The Rythm of the Seas

Thirty-four years ago, deep water meant 500 ft (150m) and any rig that wanted to operate in the Gulf of Mexico (GoM) during hurricane season was still looking for an official standard on how robust their mooring system needed to be. At the same time, the first acoustic release mechanisms for mooring systems were created. They were large clumsy devices that possessed substantial limitations and lacked reliability, but they did exist, and found use in niche applications.

When a hull must be disconnected because of a hurricane for example, the traditional approach is to source an anchor handler on the spot market, outfit it, and sail it to the location. Then, each line must be disconnected and recovered or abandoned on the seafloor. Typically, this is considered a two to four-day operation depending on the water depth, type of mooring system and well conditions.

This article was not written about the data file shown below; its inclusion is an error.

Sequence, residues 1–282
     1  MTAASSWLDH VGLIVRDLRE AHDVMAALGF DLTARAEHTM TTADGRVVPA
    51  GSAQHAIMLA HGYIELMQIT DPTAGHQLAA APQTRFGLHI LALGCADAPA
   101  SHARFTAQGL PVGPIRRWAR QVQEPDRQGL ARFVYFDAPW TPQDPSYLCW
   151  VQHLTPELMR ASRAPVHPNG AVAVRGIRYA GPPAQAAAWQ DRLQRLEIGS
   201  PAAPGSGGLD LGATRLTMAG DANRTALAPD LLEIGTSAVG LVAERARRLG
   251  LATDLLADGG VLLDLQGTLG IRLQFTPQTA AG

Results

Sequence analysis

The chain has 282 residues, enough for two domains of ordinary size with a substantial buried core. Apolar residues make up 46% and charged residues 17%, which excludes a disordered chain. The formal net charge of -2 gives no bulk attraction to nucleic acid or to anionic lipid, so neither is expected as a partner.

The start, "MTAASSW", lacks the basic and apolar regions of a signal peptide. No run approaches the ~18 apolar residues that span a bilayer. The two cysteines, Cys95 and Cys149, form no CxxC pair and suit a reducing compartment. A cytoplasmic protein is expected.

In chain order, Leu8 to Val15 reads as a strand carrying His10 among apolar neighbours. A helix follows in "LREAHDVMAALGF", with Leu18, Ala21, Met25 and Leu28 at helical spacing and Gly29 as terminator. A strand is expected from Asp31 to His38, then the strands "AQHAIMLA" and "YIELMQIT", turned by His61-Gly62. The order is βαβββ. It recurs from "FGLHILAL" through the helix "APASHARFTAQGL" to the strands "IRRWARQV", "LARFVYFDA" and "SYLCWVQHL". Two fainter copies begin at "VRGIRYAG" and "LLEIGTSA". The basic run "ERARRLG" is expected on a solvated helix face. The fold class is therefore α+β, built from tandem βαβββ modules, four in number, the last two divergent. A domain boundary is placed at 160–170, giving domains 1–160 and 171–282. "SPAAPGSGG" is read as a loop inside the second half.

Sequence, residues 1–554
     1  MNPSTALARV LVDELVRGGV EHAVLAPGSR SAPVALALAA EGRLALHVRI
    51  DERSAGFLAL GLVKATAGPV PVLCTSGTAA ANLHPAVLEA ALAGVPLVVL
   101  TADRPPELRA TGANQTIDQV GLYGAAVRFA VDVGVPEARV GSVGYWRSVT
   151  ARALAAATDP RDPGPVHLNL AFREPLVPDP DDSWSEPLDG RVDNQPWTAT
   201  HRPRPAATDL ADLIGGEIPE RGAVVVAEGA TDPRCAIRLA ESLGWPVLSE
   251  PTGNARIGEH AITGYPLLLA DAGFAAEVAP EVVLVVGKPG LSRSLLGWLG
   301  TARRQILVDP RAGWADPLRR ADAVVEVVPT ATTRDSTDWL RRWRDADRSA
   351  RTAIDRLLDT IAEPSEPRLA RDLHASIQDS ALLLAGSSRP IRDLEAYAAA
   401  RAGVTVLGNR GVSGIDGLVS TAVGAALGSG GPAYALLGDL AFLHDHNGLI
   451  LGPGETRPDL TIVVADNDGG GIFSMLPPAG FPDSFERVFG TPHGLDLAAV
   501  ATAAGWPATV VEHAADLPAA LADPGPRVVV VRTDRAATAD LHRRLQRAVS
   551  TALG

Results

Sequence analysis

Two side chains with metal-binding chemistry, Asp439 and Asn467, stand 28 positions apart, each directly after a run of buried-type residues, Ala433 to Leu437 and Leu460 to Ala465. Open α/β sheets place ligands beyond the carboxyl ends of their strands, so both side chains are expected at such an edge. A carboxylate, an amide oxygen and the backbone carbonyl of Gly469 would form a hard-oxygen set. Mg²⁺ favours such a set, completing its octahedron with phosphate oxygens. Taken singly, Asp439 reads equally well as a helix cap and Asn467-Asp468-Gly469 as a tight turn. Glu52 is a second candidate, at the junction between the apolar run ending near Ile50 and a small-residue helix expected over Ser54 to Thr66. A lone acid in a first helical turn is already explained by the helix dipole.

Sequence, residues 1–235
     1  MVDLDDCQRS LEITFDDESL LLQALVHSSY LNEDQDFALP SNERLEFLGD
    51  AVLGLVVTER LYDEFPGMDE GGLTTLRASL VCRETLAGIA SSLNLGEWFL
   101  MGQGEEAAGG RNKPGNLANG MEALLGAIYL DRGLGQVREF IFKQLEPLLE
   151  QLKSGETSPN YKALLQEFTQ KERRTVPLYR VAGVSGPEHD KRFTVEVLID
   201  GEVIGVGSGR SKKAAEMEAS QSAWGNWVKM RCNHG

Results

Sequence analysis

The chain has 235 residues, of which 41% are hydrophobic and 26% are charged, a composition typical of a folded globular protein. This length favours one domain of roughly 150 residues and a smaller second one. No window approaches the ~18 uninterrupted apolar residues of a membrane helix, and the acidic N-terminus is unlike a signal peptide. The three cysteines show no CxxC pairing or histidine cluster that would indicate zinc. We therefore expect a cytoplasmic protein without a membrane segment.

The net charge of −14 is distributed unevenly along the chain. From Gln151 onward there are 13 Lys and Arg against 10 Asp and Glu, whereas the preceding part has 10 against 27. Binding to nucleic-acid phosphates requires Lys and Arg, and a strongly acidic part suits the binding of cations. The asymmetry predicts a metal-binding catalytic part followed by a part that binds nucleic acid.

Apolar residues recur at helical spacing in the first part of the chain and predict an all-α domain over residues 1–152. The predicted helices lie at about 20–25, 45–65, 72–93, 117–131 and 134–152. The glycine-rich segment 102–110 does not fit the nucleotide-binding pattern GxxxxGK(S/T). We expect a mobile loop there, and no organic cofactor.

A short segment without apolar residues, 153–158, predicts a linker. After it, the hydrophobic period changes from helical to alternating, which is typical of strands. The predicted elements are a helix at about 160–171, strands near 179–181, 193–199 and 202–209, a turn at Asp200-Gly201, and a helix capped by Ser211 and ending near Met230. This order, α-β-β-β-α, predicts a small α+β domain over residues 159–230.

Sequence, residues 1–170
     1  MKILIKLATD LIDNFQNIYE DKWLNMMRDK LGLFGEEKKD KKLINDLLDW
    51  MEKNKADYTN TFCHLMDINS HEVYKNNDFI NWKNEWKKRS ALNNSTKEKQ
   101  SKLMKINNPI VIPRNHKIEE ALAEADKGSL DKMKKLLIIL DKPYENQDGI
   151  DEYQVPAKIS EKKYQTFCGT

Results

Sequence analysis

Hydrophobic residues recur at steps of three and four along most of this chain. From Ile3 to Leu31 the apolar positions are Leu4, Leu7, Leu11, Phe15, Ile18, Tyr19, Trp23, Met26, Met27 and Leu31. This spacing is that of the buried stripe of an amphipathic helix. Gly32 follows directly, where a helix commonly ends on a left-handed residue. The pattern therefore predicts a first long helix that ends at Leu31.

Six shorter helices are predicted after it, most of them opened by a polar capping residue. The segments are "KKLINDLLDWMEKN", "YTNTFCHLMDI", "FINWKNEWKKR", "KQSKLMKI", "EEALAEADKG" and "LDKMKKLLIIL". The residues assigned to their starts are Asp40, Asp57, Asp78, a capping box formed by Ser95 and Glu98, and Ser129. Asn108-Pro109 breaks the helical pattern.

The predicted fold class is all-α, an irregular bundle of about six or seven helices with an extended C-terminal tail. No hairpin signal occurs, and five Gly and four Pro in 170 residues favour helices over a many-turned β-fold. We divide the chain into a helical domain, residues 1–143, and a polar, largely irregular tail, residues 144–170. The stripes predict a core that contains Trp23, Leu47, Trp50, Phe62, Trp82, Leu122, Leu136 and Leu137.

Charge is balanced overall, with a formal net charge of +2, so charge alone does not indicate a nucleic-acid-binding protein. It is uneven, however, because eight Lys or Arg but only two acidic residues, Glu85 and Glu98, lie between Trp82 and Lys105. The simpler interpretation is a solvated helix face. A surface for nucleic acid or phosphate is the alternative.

This means, that an operator must decide well before the storm hits, if they are going to interrupt operations to secure the well, contract a vessel and rig crew at a premium, and commence disconnect. Should the storm change tracks after that decision is made, any cost that has already been incurred is sunk.


For that reason alone, many operators have chosen to explore acoustic disconnects that can speed up the process. But even without an emergency situation, the ability to quickly disconnect and reposition to another well location can save money and take normal mooring operations off critical path. The challenge however, is to demonstrate modern oilfield reliability with acoustic disconnection systems that haven’t really changed since the eighties. It was with this challenge in mind, that the Inter-M® Release was developed.

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